Though "thin"-sounding, featuring just a few instruments, the group's first album, 10cc (1973), is quite fresh and personal. There are excellent vocals; a fine, melodic, bass guitar; funny lyrics, with many quotes from culture and movies: the "juvenile delinquent" who dies tragically in Johnny Don't Do It; the "weakling" who gets his girl back and kicks sand in the face of his rival after a "gym" course in Sand In My Face; a musical scenario "starring Doris Day" in The Dean And I; the "prison revolt, priest included" in Rubber Bullets. The most surprising... surprise is the fact that the closing number, Fresh Air For My Mama, is a gospel melody memorably sung by Kevin Godley (readers are invited, while it's still possible, to watch a BBC video from 1974 where the song is performed alongside Old Wild Man).

(Quick hint about the vocals. Graham Gouldman has a "low"-, "melodic"-sounding, voice. Lol Creme possesses a "cartoonish", rock 'n ' roll, falsetto. Eric Stewart is an impeccable "Paul McCartney sound-alike". Kevin Godley is the one with the "celestial" voice, and the "ethereal" falsetto.)

The group's chart success made it possible for 10cc to cease all "mercenary" work, in order to concentrate on their own music. Sheet Music (1974, which inaugurates the group's long relationship with celebrated graphic studio Hipgnosis) is in many ways the group's "perfect" album; excellent sound, full of inventions, rich with surprises, featuring songs that are impossible to forget: The Wall Street Shuffle, The Worst Band In The World, Somewhere In Hollywood, Old Wild Man (readers are invited, while it's still possible, to watch a BBC video from 1974 where the song is performed alongside Fresh Air For My Mama).

The group's chart success made it possible for 10cc to sign a new record contract. Sporting a "no expenses spared" kinda cover, The Original Soundtrack (1975), features two "epic" works: opening track Une Nuit A Paris, penned by Godley e Creme; and the innovative (and world-famous) hit I'm Not In Love, penned by Stewart-Gouldman, but whose elaborate development is the work of the whole group. (A long, quite detailed article appearing in U.K. monthly Sound On Sound clearly illustrates the point.) Not every song on the album is really first quality, but it's an embarrassment of riches all the same: Blackmail (a retro-kind of scenery in today's world, where fame is instantly achieved by means of a sex-tape), The Second Sitting For The Last Supper, Brand New Day, Life Is A Minestrone.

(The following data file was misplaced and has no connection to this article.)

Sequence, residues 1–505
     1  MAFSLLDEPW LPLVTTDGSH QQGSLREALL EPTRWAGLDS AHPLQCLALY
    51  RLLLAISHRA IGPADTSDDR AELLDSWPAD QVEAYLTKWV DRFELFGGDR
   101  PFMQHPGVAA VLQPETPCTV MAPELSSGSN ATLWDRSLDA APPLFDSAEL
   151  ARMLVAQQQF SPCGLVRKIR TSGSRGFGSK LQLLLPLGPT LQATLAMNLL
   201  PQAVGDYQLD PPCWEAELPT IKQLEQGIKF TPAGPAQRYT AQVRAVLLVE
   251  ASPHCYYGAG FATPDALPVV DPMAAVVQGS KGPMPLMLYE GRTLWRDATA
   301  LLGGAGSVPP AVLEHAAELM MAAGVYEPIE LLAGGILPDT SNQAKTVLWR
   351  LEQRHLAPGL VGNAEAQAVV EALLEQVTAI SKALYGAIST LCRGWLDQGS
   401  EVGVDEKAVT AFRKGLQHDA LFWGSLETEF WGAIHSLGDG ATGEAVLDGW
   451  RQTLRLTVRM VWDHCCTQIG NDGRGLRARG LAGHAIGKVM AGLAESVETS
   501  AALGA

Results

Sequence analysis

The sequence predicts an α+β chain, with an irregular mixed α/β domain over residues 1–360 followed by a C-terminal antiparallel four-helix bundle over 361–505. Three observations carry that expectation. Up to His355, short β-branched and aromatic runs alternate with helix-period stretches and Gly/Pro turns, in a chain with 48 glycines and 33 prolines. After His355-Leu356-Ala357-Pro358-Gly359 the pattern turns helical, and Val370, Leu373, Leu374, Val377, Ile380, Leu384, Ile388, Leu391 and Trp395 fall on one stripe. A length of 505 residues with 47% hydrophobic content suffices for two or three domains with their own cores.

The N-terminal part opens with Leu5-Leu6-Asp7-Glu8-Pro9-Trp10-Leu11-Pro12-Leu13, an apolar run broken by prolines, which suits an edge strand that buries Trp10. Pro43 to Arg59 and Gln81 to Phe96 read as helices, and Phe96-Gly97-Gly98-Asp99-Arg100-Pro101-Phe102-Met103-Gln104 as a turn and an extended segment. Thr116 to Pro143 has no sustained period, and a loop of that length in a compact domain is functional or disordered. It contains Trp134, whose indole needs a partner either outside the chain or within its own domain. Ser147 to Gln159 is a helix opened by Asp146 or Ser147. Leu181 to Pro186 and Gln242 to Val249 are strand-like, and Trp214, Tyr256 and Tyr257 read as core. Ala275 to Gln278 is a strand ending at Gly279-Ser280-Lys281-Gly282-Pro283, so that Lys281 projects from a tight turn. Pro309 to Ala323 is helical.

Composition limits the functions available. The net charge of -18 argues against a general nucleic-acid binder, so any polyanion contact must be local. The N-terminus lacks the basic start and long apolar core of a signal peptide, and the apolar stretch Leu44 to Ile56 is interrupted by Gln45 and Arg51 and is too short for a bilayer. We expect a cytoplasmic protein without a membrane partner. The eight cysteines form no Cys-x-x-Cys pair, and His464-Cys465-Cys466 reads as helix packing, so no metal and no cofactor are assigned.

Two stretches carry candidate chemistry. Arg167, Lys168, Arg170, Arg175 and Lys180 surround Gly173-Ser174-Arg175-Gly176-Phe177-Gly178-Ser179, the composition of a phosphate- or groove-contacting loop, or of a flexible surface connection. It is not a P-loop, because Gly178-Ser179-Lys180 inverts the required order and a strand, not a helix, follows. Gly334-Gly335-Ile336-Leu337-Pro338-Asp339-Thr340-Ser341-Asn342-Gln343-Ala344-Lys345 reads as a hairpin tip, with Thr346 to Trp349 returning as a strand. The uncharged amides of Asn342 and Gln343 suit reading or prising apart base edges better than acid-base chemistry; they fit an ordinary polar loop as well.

Solid, perfect, easy on the ears, multifaceted (but not sterile!), are just a few chosen words for How Dare You! (1976), sporting a memorable cover, that brings the work of the group's original line-up to its close. The enormous success achieved by I'm Not In Love must have been a crucial element, combined with the widely different background and goals of the group members, Stewart and Gouldman as the "musicians" who strongly believe that rock groups make a record, then tour, then make another record, and do another tour; and Godley and Creme (who by their own admission smoked a prodigious amount of stuff - Eric Stewart called it "wacky baccy", an expression I'd never heard before) as the "artists" who wanted to "sabotage" their colleagues more "commercial" tunes, and maybe not too convinced about the life of a real "rock group".

I chose ten tracks off the quartet's four albums. It's not "everything there's to know about 10cc", but it's definitely a start.

Rubber Bullets
The first 10cc mega-hit, Rubber Bullets is full of contagious vitality, it features many voices and moments la "prison movie-cartoon". "Double-speed" guitars at the close.

Fresh Air For My Mama